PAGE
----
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- by chickislove Sep 1, '12So... I have been having chest pains over this all day because I am SO nervous about whats going to happen and the severity. I'll tell you what happened at my job as a CNA in LTC unit at the nursing home... I left my FALL RISK patient with the bed halfway up, no floor mat and alarm no where to be seen. On top of that her wheelchair was close enough to be reached but no brakes. Long story short, she reached for the wheelchair and fell straight to the ground. A small scratch on her forehead complete with small pool of blood, puffy lip, and one black eye later, EVERYONE knows about it including the boss. This patient thinks she can get up by herself and has fallen MANY times and is non-compliant. However this time, I forgot ANY and ALL safety precautions even though I've had 2 yrs experience. I get to have a talk with my supervisor and boss soon... thoughts on whether I should prepare for the worst?Last edit by JustBeachyNurse on Sep 1, '12 : Reason: ToS-language
- Sep 1, '12 by MsKeycena/phlebtechAs a CNA myself and a human being, we all make mistakes. I believe it depends on what kinda nursing home you work in. If its a bad one they may just do an incident report and keep it moving on the other hand if your at one of the good ones they may do all the precedures necessary but doesn't absolutely mean that your fired, more than like you'll get a write up and an inservice on falls and safety. I know this line of work is demanding and time consuming but you gotta take your time. Let me know how it goes.Last edit by MsKeycena/phlebtech on Sep 1, '12 : Reason: wanted to add more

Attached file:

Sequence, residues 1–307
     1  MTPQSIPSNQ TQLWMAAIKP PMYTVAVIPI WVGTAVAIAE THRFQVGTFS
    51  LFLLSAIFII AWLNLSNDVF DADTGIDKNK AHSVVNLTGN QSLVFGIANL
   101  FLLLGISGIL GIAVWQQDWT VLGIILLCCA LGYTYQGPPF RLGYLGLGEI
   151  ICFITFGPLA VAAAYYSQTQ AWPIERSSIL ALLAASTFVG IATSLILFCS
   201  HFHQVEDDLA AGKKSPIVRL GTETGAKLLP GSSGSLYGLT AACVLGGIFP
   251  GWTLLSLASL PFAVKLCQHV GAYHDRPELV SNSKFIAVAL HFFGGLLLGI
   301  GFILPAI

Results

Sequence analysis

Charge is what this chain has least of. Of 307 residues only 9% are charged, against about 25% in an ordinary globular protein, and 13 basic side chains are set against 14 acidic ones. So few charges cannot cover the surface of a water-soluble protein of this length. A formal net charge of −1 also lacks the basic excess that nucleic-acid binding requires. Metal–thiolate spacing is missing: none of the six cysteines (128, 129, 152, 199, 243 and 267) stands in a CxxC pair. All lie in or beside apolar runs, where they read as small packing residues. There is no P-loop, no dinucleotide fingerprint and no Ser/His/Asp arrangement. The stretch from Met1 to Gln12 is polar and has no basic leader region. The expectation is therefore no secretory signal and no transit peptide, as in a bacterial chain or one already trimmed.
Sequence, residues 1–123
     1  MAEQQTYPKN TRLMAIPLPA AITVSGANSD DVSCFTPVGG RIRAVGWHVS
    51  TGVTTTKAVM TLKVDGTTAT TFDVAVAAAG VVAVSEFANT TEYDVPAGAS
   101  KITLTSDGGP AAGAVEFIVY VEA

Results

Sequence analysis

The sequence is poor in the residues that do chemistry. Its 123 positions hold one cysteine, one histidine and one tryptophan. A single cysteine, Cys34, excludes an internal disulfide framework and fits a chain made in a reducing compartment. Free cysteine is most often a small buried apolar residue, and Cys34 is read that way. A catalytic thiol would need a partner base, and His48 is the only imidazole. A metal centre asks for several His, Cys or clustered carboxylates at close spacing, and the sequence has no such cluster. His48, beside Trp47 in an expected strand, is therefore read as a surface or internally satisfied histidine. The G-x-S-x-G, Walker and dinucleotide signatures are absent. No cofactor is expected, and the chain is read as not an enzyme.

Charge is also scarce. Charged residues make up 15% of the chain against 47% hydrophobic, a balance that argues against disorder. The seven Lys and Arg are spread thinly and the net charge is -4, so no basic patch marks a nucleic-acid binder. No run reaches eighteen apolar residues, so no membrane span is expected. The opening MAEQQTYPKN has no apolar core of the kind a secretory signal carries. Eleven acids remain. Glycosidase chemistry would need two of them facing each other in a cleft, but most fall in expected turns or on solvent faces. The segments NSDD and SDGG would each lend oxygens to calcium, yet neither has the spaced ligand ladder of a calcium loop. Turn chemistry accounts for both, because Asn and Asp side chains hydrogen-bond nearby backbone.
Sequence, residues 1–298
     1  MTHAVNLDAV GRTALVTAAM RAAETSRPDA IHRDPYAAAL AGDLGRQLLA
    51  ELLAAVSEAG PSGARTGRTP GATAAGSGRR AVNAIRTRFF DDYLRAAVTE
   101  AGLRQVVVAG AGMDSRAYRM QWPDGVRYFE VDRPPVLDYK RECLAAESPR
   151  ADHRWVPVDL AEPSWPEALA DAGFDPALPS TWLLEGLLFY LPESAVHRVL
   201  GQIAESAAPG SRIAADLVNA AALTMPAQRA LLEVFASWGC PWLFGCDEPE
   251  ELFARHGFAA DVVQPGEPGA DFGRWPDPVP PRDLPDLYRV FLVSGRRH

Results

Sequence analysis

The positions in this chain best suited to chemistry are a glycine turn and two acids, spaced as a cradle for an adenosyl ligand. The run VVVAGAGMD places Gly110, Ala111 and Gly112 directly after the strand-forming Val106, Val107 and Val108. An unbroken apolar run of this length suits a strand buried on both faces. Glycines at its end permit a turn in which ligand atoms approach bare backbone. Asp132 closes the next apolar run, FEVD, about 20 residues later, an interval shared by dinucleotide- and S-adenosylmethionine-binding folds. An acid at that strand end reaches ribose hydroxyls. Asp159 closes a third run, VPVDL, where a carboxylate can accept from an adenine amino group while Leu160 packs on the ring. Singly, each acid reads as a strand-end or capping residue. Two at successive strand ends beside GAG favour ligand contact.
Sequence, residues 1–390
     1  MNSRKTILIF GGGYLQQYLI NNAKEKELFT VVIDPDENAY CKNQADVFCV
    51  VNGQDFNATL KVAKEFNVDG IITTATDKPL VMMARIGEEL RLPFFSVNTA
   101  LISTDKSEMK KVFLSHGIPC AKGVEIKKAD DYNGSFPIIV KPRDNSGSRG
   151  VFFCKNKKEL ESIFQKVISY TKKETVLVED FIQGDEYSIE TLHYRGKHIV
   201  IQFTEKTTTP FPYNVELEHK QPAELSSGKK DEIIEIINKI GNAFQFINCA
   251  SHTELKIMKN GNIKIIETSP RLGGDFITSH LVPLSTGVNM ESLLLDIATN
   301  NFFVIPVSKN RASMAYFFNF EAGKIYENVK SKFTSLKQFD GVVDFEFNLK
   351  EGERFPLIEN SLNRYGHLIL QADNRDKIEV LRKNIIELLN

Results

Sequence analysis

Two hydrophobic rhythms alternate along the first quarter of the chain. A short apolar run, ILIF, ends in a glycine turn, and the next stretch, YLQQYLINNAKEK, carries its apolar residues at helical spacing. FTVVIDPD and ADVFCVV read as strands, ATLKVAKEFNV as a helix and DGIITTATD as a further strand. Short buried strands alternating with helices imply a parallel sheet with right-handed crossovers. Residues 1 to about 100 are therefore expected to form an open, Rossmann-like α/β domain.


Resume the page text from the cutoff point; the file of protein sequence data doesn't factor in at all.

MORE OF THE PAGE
- Sep 1, '12 by JustBeachyNurseSince you failed to take multiple safety precautions (bed in high position, no crash mat, wheelchair within reach without breaks on, no bed alarm) and the fact that the patient received several injuries, regardless if the patient has a history of non-compliance you will likely face disciplinary action. Depending on your work history (do you have other write ups for safety issues?) what type of disciplinary action is hard to say. You may get a write up, suspension, mandatory classes/education, or you may in fact be terminated or worse terminated and reported to your certifying agency (if you are a CNA you may be reported to the agency that oversees the certification such as the BoN or department of health) . Since safety precautions were not in place and the patient was injured this may be required to be reported to the local regulatory agency which could affect the type of disciplinary action issued.
Until you hear from management, take the time to make certain that EVERY one of your patients are safe. All beds in low position, alarms in place and on, wheelchairs locked, side-rails up (as appropriate), follow all policy and procedure of your facility. When you are spoken to, take responsibility outline what went wrong and how it can be prevented from occurring in the future. Do NOT try and shift blame to the patient and bring up that they have a history of noncompliance (as that will not work in your favor). A patient with known non-compliance with safety precautions requires a watchful eye to prevent injuries from occurring.
To prepare outline exactly what went wrong (rushed and didn't make sure the bed was in lowest position), and how to fix it (make a safety checklist for caring of patients with high fall risk)
- Sep 1, '12 by jrgcnaI know injuries are a serious thing, but as MsKeycena said, we all make mistakes. JustBeachyNurse gave some good advice as well.
Years ago, at a new job, I forgot to lock a patient's w/c during a transfer. Big mistake. She fell and had to go to the hospital. I had
to write up an incident report and undergo some additional training. They did not fire me. I can't guarantee anything for you, but termination is not a given.
- Sep 2, '12 by duskyjewelWere you rushing because your patient load is too high? (This is LTC, so I will answer for you. Yes!) If they fire you, bring that up.